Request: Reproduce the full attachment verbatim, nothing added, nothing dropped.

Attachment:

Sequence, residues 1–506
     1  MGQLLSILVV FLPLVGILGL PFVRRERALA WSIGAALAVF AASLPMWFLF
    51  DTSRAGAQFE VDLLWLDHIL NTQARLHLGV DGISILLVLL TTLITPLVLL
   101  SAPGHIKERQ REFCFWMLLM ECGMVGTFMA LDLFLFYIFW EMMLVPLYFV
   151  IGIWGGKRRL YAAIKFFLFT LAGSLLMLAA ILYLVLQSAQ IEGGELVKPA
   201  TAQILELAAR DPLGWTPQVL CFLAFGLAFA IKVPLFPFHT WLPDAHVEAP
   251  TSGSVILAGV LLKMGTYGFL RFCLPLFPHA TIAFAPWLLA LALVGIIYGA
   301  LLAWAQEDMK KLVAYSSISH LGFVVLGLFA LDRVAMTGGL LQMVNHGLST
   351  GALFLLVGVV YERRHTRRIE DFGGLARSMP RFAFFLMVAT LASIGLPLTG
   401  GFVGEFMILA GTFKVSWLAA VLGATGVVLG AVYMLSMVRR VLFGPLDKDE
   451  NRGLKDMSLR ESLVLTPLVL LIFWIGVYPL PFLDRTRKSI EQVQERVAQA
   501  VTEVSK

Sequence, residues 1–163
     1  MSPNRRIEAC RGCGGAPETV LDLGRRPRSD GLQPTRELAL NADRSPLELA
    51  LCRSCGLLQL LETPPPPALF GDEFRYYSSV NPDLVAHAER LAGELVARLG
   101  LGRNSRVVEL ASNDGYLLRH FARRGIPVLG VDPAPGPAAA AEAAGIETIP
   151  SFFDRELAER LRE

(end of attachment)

Sequence, residues 1–506
     1  MGQLLSILVV FLPLVGILGL PFVRRERALA WSIGAALAVF AASLPMWFLF
    51  DTSRAGAQFE VDLLWLDHIL NTQARLHLGV DGISILLVLL TTLITPLVLL
   101  SAPGHIKERQ REFCFWMLLM ECGMVGTFMA LDLFLFYIFW EMMLVPLYFV
   151  IGIWGGKRRL YAAIKFFLFT LAGSLLMLAA ILYLVLQSAQ IEGGELVKPA
   201  TAQILELAAR DPLGWTPQVL CFLAFGLAFA IKVPLFPFHT WLPDAHVEAP
   251  TSGSVILAGV LLKMGTYGFL RFCLPLFPHA TIAFAPWLLA LALVGIIYGA
   301  LLAWAQEDMK KLVAYSSISH LGFVVLGLFA LDRVAMTGGL LQMVNHGLST
   351  GALFLLVGVV YERRHTRRIE DFGGLARSMP RFAFFLMVAT LASIGLPLTG
   401  GFVGEFMILA GTFKVSWLAA VLGATGVVLG AVYMLSMVRR VLFGPLDKDE
   451  NRGLKDMSLR ESLVLTPLVL LIFWIGVYPL PFLDRTRKSI EQVQERVAQA
   501  VTEVSK

Sequence, residues 1–163
     1  MSPNRRIEAC RGCGGAPETV LDLGRRPRSD GLQPTRELAL NADRSPLELA
    51  LCRSCGLLQL LETPPPPALF GDEFRYYSSV NPDLVAHAER LAGELVARLG
   101  LGRNSRVVEL ASNDGYLLRH FARRGIPVLG VDPAPGPAAA AEAAGIETIP
   151  SFFDRELAER LRE